For transgender Catholics, the church is often a source of both deep pain and profound joy, according to a recent Associated Press profile of several transgender Catholics in the United States.
As Bondings 2.0 has reported, at least six dioceses have issued restrictive guidelines directed at transgender individuals in the last two years, the most recent, and perhaps most harsh, coming from Milwaukee. All these guidelines require that church employees and students be treated according to the sex they were assigned at birth when it comes to pronouns, bathrooms, and dress codes. The policy in Marquette, Michigan, recommends the denial of the sacraments to LGBTQ Catholics “unless the person has repented.”
And yet, despite these repressive examples, some transgender Catholics find reasons to hope and welcoming parishes in which to practice their faith. At the Church of Our Lady of Grace in Hoboken, New Jersey, Christine Zuba, a trans woman, preached at the annual Pride Mass at the invitation of the pastor, Fr. Alexander Santora.
“We are not disordered, confused, or a fad. We are not trying to defy God, nor to play God,” Zuba explained in her homily. “By staying visible, not only outside these walls but inside our churches, we change hearts and minds, one person at a time. Once in a while we may get thrown out, but if that happens, we’re not going away. We’re coming right back in.”
Fr. Santora, who has been a priest for forty years, recalled the applause of the parishioners following Zuba’s sermon. “I wanted Christine to be on that pulpit,” he said.
And while Zuba has been supported in her own parish, where she was welcomed after coming out at age 58 and still serves as a Eucharistic minister, she recognizes the welcome she experienced is not common. “These bishops and priests don’t understand that when they turn someone away, they’re losing parents, children, groups of friends who say this is not the church we want to belong to,” she noted.
Lynn Discenza, a 64-year-old trans woman of West Hartford, Connecticut, also finds herself living in the tension of a welcoming local parish (St. Patrick-St. Anthony) disconnected from the condemnation of the hierarchy. She is the co-leader of the LGBTQ ministry at her church and even attended seminary before studying in aerospace design.
She recalled her parish’s observation of Trans Day of Remembrance in November, at which time the pastor, Fr. Timothy Shreenan, wrote in the bulletin: “We must always stand up against hatred in all its forms and not allow others’ fears (or phobias) to be a reason for hatred. Rather, we must continue to learn more about the experience of others and to become more tolerant and accepting of one another.”
Like Zuba, Discenza is convinced that a more welcoming and inclusive church starts at the local level: “The change is going to come from the ground up, and some of the old bishops will die away.”
And while affirming pastors like Zuba’s and Discenza’s certainly exist, many other clergy are not welcoming trans Catholics in the pews. Eli Musselman, who is 19 and transitioned about four years ago, is a first-year student at St. Joseph University in Philadelphia. When he first came out, his pastor refused to use his preferred pronouns, and Musselman began experiencing anxiety attacks from the “nasty looks” he received at church.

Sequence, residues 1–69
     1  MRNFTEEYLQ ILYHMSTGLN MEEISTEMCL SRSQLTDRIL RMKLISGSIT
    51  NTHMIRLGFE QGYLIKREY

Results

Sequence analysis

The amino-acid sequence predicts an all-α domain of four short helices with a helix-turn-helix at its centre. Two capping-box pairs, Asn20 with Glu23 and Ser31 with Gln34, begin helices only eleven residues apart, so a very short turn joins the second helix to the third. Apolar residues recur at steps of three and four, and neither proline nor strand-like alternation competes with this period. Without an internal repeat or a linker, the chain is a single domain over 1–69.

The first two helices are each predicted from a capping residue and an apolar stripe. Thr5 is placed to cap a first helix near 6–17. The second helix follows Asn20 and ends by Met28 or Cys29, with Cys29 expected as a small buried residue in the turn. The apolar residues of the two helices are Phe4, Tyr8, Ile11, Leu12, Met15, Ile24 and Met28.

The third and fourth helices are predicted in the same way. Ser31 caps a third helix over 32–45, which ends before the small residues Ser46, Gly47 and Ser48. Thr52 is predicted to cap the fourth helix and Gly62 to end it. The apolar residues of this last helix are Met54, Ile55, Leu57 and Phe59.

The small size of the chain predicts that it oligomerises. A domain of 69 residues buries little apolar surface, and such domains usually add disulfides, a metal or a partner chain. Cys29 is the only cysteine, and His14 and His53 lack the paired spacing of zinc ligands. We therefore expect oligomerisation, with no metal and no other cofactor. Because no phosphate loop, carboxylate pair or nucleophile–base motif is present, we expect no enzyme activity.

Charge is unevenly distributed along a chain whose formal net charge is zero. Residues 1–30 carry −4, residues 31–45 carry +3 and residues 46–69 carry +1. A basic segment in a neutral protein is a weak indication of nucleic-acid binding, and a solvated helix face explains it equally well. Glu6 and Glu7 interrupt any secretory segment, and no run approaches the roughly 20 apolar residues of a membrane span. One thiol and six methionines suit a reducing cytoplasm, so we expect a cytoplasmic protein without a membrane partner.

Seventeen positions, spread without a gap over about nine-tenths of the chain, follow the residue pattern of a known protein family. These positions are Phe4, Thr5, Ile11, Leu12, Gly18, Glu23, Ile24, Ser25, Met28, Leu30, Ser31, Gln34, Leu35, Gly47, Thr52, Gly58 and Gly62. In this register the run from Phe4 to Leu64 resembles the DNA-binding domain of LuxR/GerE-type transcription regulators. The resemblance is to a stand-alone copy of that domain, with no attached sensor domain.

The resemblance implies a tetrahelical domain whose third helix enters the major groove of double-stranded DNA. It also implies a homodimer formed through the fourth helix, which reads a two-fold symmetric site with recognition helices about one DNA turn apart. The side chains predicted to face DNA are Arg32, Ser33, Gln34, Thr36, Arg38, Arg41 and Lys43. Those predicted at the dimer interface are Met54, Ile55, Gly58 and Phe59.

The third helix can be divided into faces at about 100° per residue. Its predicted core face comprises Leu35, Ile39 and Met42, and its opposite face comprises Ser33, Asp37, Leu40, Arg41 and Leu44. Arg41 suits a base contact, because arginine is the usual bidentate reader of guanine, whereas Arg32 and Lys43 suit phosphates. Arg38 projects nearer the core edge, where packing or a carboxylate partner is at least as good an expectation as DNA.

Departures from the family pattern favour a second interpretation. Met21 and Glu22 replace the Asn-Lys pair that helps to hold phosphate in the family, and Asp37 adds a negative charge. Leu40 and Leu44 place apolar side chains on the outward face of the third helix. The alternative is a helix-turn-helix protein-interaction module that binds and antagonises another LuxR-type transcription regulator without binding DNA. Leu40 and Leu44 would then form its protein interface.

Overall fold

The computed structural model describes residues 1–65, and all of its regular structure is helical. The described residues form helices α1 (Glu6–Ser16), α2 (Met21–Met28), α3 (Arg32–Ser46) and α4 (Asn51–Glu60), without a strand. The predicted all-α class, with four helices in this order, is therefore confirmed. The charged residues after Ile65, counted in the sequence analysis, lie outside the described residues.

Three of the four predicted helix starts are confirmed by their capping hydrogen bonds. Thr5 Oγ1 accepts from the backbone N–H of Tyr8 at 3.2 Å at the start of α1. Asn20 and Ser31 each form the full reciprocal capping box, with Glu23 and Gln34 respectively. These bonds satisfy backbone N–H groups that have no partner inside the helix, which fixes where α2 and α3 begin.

“A place that had once been a safe haven for me had become a place of dangers. But since coming out, my spirituality has grown,” Musselman recalls. “I feel whole for the first time in my life.”
Eli’s mother, JoEllen Musselman, also remembers the difficulties of that period: “I lost some really good friends. I felt I was constantly making apologies to people and I got tired of that.”
But like her son, she focuses on her faith rather than the institutional church. “They’re flawed,” she explains, speaking of church leaders. “If it weren’t for Christ, the church would collapse because we humans screw everything up.”
Pope Francis himself sometimes embodies this combination of rejection and welcome to the LGBTQ community. He is well-known for personally welcoming individual gay Catholics and pastoral statements but also denounces “gender theory,” an undefined term used to refer to any positive approach to new understandings of gender. In a 2016 press conference, he qualified his remarks about the need to minister to the trans community by insisting: “But please don’t say ‘The pope sanctifies trans!’ Please!”
For those working directly in ministry to trans Catholics, this hypocrisy is clear. Sr. Luisa Derouen, a member of the Dominican Sisters of Peace, has ministered to over 250 trans Catholics since 1999. “Many of our bishops are anti-science,” she points out in reference to the disconnect in modern understandings of gender and the church’s refusal to move beyond the binary. “You can’t respect people and deny their existence at the same time.”
And Derouen would know. She was allowed to write about her experiences in 2014 as long as she remained anonymous, which she did until 2018 when she began to publicly advocate for the trans community to “give witness to their dignity and worth as human beings.” Her hope for change also rests with the grassroots activism and work of individual Catholics rather than the leaders of the global church.
“There has never been a time in the American church when Catholic hierarchy has had less moral credibility. The people in the pews are taking responsibility for doing their own homework and recognizing that we are all God’s people,” she said.
Michael Sennett, a 26-year-old trans man and the communications director for St. Ignatius of Loyola Church on the campus of Boston College, already sees some of that change in action. Sennett, who is a regular contributor to Bondings 2.0, said, “Overall I marvel at the progress. People are speaking up as never before, joining forces…The laity is finding more power.”
—Angela Howard McParland (she/her), New Ways Ministry, March 14, 2022